Bromley City

From OpenGeofiction Encyclopedia
Jump to: navigation, search
11, -36.049, 45.750
Bromley City
city
CountryFormer Unionist Colony of Bromley
 • StateTyne
 • CountyGreater City
DemonymBrommie
Government
 • MayorJohn Best
Elevation11 m (36 ft)
Population
 • Estimate4,829,132
Postal CodeB1, B2, B3, B4, B5, B99
MetroTransport for Bromley

Bromley City, formally known as Bromlaeg City and Folkstyne, and the capital of the Former Unionist Colony of Bromley, is a city on the Eastern coast on the Asperic Ocean. Standing on the mouth of the River Princer and Dartford Bay at an elevation of 11m or 36ft, Bromley City is the most populous city in Bromley and has been knowingly inhabited for just over 500 years by a mixture of tribes and Unionist migrants.

The city is globally recognised as one of the fastest rising, both in GDP and importance, cities and is currently ranked as having the 10th highest GDP of all cities in Antarephia. Contributions to this include its prominence in the maritime industry along with universities and the arts.

Toponymy

Bromley City's modern name is derived from the country it is situated in, Bromley. The name comes from a town with the same name in Kent, Unionist Colonies. The name between the 1550s and the 1820s was Bromlaeg City which came from the Old Ingerlish for Bromley meaning 'Woodland clearing where Broom grows'. The name was later modernised under the Name Change Act 1822 under the rule of Governor Ulysses Gerard. Before Bromlaeg City, the name of the capital was Folkstyne when Captain James Henry Orme touched down on the Eastern Coast.

History

Village times

Bromley City was formally known as Ostafariuan, a rural village with a tiny pier for ships who wanted to bed down for the night after long journeys across the Asperic Ocean. The village occupied 239 people, with a few more tribal groups residing close by, the Lathegraes being a key group. Most of the people residing in the village were residents from Northern Antarephia, Woolonia and Jefferson are prime examples. The residents of the village mostly worked in the fishing industry with some being in the poaching industry.

The home of Captain James Henry Orme on Prentice Street, now known as Richmond Avenue

On 21st August 1493, residents were shocked to see Unionist ships arrive on their port, with then-to-be-governor Captain James Henry Orme stepping off the ship first. Orme brought materials to the village for the residents in exchange for a bed for the night for his crew.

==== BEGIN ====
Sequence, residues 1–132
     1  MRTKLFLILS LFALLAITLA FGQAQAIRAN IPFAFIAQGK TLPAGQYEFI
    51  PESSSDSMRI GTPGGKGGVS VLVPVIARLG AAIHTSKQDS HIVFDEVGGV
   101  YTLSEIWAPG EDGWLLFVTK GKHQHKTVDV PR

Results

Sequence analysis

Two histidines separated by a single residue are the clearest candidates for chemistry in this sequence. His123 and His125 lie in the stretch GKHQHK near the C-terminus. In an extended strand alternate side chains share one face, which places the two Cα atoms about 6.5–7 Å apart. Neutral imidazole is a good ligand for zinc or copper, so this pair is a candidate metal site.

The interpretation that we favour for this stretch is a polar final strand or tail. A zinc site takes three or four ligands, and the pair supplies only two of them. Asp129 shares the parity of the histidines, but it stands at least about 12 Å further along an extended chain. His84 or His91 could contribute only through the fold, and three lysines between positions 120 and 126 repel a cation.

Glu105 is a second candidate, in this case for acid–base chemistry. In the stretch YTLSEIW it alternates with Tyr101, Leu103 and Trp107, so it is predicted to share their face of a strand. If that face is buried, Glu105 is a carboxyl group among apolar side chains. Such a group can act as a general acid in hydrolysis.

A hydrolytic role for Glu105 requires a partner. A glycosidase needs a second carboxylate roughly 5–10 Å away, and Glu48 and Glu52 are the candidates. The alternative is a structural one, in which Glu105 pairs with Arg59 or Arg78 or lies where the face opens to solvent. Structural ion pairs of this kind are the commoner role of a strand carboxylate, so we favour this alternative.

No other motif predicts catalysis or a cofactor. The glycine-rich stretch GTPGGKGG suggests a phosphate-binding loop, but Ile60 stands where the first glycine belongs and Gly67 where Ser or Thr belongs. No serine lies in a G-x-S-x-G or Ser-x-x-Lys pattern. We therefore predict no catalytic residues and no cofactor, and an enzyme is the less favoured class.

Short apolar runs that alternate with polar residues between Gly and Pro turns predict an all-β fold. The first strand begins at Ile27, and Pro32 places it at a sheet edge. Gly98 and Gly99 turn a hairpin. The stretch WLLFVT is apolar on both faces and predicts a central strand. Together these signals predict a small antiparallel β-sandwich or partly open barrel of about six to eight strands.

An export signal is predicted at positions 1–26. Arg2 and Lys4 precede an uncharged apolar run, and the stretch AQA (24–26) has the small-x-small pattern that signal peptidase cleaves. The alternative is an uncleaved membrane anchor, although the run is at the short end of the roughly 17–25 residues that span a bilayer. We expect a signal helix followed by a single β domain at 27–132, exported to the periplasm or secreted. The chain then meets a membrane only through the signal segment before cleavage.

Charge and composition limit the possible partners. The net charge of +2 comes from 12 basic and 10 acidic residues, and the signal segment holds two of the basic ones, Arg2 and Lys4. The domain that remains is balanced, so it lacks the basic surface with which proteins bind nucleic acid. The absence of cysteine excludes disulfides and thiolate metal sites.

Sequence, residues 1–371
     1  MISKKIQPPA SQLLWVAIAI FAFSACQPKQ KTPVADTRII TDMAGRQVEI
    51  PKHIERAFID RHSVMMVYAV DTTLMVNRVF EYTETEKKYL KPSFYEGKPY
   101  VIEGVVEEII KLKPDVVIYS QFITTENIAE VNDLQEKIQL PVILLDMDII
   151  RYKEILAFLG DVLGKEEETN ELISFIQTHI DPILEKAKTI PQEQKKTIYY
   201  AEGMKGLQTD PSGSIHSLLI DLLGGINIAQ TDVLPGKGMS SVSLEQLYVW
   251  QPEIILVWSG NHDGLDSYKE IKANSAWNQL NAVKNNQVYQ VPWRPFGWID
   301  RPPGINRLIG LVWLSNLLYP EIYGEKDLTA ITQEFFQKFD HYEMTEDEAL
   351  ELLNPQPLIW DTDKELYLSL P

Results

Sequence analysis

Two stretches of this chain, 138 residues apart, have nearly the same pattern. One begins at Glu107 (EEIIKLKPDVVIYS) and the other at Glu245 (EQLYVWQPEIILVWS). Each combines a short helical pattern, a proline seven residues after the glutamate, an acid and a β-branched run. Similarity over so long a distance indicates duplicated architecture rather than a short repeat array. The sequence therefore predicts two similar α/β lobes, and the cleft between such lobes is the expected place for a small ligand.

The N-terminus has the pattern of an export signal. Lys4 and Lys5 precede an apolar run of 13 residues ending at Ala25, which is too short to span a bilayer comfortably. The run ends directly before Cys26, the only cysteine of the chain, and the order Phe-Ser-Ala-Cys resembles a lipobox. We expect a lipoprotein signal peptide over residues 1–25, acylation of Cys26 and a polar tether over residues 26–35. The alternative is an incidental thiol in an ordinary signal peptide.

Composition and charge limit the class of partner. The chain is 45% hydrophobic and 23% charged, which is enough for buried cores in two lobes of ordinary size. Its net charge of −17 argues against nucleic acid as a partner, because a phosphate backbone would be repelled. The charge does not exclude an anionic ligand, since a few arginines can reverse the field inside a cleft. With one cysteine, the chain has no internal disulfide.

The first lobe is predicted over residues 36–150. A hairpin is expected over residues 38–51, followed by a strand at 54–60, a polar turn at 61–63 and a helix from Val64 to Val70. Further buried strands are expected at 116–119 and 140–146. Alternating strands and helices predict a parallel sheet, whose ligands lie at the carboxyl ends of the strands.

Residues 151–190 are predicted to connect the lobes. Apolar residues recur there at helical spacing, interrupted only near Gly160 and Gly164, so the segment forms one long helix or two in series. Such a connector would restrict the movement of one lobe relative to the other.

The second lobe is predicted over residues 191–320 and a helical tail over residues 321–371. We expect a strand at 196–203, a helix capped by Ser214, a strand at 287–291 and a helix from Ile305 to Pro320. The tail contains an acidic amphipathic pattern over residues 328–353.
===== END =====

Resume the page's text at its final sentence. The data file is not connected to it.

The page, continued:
The next day, Orme declared himself in his own words as, "The King of Bromley" which he called the country and he pronounced himself Governor of Bromley.

Several weeks later, Unionist ships started to flood into the port as Orme had established a naval base there against the Bromlavian wishes instead of building a tea and coffee industry. In 1501, Kanerel Olasdueas, a campaigner was shot dead for opposing to this idea in front of Captain Orme.

Population shot up during Orme's leadership, most of the residents of the country were now naval soldiers and would command naval meetings to the point where Orme was assassinated with a pistol on Prentice Street (Now Richmond Avenue).

Rafferty's Tea Boom

In 1516, Admiral Julius Rafferty, the Governor of Bromley, established the Bromlaeg Tea and Coffee Co.. The village of Bromley City had now become a small town after it could not cope with the booming population and at this point became a population of 3,328 with 150 working for the company and the rest of the majority working in the agricultural sector. The company collapsed in 1599 after debts were unpaid for exports from the Government of Mecyna and the area went into a spiral of decline with 39% becoming unemployed.

Purge Craze

On 21st May 1529, a purge was proposed by a top-ranking Captain - Richard Dingle, due to the increasingly uncontrollable population and ahead, leading to chaos erupting within the town, where 1,246 were killed including Captain Dingle. The purge later contributed to the downfall of the coffee and tea establishment as there was a small amount of people who could still take part in trade.